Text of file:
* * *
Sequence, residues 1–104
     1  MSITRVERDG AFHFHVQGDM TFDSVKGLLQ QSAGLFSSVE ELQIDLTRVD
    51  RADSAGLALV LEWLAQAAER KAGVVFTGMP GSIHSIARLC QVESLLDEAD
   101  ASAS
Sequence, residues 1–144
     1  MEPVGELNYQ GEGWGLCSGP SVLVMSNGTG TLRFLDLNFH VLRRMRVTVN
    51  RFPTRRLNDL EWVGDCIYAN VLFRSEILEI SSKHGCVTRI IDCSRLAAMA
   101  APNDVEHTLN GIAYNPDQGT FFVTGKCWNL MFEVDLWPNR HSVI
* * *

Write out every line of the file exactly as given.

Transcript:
Sequence, residues 1–104
     1  MSITRVERDG AFHFHVQGDM TFDSVKGLLQ QSAGLFSSVE ELQIDLTRVD
    51  RADSAGLALV LEWLAQAAER KAGVVFTGMP GSIHSIARLC QVESLLDEAD
   101  ASAS
Sequence, residues 1–144
     1  MEPVGELNYQ GEGWGLCSGP SVLVMSNGTG TLRFLDLNFH VLRRMRVTVN
    51  RFPTRRLNDL EWVGDCIYAN VLFRSEILEI SSKHGCVTRI IDCSRLAAMA
   101  APNDVEHTLN GIAYNPDQGT FFVTGKCWNL MFEVDLWPNR HSVI